The move to digital broadcasting and high definition completely revolutionised our enjoyment of televised football
    High Definition… Again - The second resolution revolution

    Although it was the advent of digital broadcasting that finally made high definition a reality, incredibly the 1990 World Cup in Italy was the first to be recorded and transmitted in high definition by the Italian broadcaster RAI in association with the Japanese broadcaster NHK. However it wouldn't be until the 2006 World Cup that high definition coverage was available to the masses using a picture that was composed of two 1080-line interlaced images that were broadcast 50 times a second to create 25 frames per a second. At last true high definition was a reality and, along with larger size widescreen TVs and surround sound, watching football would never be the same again.

    It wasn't just TV that had gone digital, we now lived in a digital age and the information society glimpsed in the early days of Teletext finally reached its zenith when the internet and broadcasting merged to create the Smart TV. Whilst the initial Smart TVs were somewhat slow and there were many people who questioned the need for internet access on a TV in the first place, the platform quickly found its feet. Since watching TV is essentially a passive activity, people didn't necessarily want to interact directly with their TV but they could instead use the TV along side their smart devices and even use those devices to control or send content to the TV. Although what really gave Smart TV a purpose was the increase in broadband speeds coupled with rise of video streaming services like Netflix, Amazon and YouTube. The popularity of video streaming has been remarkable and it has helped drive development of TV technology and, as we'll see in a moment, could change the very nature of broadcasting.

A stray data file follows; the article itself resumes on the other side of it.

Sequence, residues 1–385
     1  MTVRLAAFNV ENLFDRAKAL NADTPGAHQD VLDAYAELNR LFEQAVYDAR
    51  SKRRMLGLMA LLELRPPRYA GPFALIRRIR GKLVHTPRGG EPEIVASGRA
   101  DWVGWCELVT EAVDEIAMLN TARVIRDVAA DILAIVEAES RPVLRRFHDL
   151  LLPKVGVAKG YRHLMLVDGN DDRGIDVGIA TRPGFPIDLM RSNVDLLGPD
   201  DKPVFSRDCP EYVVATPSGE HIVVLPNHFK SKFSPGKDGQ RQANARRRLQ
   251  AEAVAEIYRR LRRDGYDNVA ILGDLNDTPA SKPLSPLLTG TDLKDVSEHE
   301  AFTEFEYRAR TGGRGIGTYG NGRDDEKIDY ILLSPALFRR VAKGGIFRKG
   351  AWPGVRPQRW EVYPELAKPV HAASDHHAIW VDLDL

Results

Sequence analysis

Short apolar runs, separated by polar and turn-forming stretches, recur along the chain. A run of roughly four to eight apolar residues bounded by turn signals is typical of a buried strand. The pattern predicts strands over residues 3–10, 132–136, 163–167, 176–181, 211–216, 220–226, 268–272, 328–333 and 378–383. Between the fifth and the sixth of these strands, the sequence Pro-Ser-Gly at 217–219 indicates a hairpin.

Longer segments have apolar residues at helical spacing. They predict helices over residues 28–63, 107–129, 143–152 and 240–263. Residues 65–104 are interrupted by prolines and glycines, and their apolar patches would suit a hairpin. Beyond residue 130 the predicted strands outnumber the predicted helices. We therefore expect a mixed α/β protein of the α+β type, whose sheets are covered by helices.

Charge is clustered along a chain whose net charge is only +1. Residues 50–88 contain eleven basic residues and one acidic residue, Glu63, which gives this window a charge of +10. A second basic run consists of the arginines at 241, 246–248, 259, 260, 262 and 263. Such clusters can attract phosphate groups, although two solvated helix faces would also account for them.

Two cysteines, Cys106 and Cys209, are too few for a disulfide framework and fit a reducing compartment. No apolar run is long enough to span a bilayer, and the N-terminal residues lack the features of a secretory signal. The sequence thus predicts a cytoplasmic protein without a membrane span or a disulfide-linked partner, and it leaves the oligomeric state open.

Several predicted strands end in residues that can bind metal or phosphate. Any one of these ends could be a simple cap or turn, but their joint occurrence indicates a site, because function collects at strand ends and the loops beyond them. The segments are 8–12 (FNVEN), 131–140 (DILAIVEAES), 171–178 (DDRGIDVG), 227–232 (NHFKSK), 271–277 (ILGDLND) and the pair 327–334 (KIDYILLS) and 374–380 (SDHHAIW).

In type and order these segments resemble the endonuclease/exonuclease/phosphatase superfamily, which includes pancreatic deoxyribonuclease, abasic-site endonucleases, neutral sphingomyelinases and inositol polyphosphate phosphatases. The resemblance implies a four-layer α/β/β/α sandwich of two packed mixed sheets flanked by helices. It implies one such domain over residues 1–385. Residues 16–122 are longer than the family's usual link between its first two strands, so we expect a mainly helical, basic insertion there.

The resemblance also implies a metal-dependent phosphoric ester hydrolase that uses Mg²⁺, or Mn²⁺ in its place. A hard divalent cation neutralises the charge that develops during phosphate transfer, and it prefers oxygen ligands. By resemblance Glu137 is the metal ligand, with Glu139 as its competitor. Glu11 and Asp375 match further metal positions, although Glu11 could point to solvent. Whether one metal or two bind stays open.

Boom and Bust - The return of 3D

    As a cinema format 3D has often experienced brief periods of popularity, with booms in the 1920s, 1950s and 1980s. Those of you who were around in the 80s will probably remember a brief experiment with broadcast 3D using red and blue anaglyph glasses. The results were awful but by 2010 digital technology had allowed filmmakers to shoot and project 3D in way that simply hadn't been possible in the past. As a result 3D was experiencing its biggest boom ever at the cinema and TV manufacturers and broadcasters realised there might be potential at home as well. So the South African World Cup became the first to be filmed and broadcast in 3D and, as it turned out, the last. The principal was simple, the games were filmed using a two camera rig, with one camera filming the right eye view and the other filming the left. These two images were then usually broadcast side-by-side in high definition, so that when combined and watched through a pair of polarised glasses you had a 3D image, albeit at lower vertical resolution.